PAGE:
So clearly to be returning to the hall must be extremely difficult for Brenda but there is something driving her on. It's this driving spirit and never taking no for an answer that dominates Brenda's character throughout the book and I mean that in a good way. Finally we don't have a character who is weak and the reader is meant to feel all sympathy towards them. Here was a woman who had been deeply wronged and she was back to get answers and answers she would get whatever it took and no matter the length of time. What courage it must have taken to a return to a place where you are not welcome but deep in your heart you want to find the son that you were forced to leave behind when you were captured then surely return to the family home is what you would do. It's said within the first few chapters why Brenda has returned and although this 'quest' didn't dominate the entire story it was always there in the background bubbling away and for most of the book I was thinking where on earth could he be? Something just wasn't adding up. The author did a brilliant job on filling in the background of Brenda's time in Paris and also when she was taken away and when she made a friend - Emma in the harshest of circumstances. It was a fascinating aspect to the story but also rather upsetting that this genuinely happened to many women, it was heartbreaking but written with the utmost tact and sensitivity.
So apart from Brenda we have Hugh, Jack's brother, whose father has recently died placing him in charge of the farm estate and their biscuit factory. He appeared surly and had a chip on his shoulder and didn't believe a marriage between Brenda and Jack had even taken place in the first place. He had plenty of worries on his shoulders and I know we saw a softer side to him as the novel progressed and he attempted to let his guard down but I never really warmed to him even though he was meant to replace Jack as the 'heartthrob' of the story. As for his sister Melissa, married to the repulsive Gregory, she was a horrible character and very very devious in attempting to stop Brenda at every turn, I was glad she flitted in and out of the book as I wasn't keen to read much about her.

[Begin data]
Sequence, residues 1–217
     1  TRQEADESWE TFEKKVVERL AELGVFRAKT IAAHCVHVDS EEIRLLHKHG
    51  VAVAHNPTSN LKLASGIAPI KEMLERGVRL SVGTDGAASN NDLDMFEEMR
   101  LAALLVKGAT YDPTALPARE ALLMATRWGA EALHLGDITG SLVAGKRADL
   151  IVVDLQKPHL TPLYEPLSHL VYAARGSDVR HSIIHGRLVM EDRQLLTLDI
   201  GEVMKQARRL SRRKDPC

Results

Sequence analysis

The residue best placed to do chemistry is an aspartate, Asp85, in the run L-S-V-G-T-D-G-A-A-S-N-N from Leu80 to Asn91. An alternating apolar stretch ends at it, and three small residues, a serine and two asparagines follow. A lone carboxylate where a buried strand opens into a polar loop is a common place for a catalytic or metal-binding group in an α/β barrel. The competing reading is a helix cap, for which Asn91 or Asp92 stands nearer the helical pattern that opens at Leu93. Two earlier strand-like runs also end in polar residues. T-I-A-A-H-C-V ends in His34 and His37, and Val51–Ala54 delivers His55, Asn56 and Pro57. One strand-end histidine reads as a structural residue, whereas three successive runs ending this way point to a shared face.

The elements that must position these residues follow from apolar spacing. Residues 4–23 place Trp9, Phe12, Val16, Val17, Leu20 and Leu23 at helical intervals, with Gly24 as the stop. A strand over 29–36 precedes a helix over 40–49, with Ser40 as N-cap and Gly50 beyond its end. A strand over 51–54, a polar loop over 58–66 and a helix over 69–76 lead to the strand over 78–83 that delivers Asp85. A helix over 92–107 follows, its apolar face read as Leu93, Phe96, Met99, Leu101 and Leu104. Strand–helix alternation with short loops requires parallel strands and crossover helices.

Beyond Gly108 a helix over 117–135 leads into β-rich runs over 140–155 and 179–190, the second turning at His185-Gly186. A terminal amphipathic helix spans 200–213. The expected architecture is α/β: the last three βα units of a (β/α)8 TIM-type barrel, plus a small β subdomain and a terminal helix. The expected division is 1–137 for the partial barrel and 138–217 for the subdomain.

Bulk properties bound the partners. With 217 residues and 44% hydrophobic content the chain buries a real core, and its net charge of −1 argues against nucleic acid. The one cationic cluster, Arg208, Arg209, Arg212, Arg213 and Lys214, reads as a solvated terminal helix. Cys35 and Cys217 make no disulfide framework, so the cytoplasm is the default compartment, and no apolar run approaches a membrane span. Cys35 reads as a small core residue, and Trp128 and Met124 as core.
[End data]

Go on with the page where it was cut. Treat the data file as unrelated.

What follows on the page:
Maybe the character alongside Brenda whom I loved most of all was Prue - the youngest of the family. She loves working outdoors and tending the gardens and farm. She seemed to be the most sensible and loyal of the family now that Jack was gone. She was an ally, confidant and friend to Brenda when the rest of the family clearly didn't want to know or admit that Brenda was now related to them. Prue had her own story regarding an Italian prisoner of war sent to work on the farm. It could have felt out of place within the overall context of the story as the focus was on Brenda and her finding her lost son but Prue's storyline was realistic, heartfelt and most certainly had it's place. At one or two points I did feel the story flagged in places before picking up once again. There seemed to be a bit too much back and forth regrading Brenda staying at the hall then leaving then returning etc and I felt this could have been left out but apart from that this was a very good read.
Always in my Heart kept me guessing and hooked until the very last page and proved to me that Freda Lightfoot is an author whose back catalogue I want to read and anything she publishes in the future will always be placed on my wishlist. Wartime sagas can become a bit predictable and routine but this one is different from all the rest, it had great substance to it which is hard to do considering so many books have been written on the subject over the years. It had an element of mystery and suspense alongside the romantic plotlines and that's what sets it apart and makes for a very good read. There were several stories all which worked well separately but they then they came together at just the right time and left the reader going ah damn I should have seen that coming yet the author would be pleased she had pulled the wool over your eyes.
Fans of historical fiction will love Always in my Heart as it's only as you reach the end do you realise what an apt title that is. People new to Freda Lightfoot's will enjoy this book particularly now as a nice alternative to all the Christmas books published at the moment. I was sad to reach the end of Brenda's story but I am already looking forward to what compelling tale Freda Lightfoot may bring to us in 2017.
Many thanks to Harlequin Uk for my copy of Always in my Heart to review via NetGalley and to Sharon for having my review on the blog.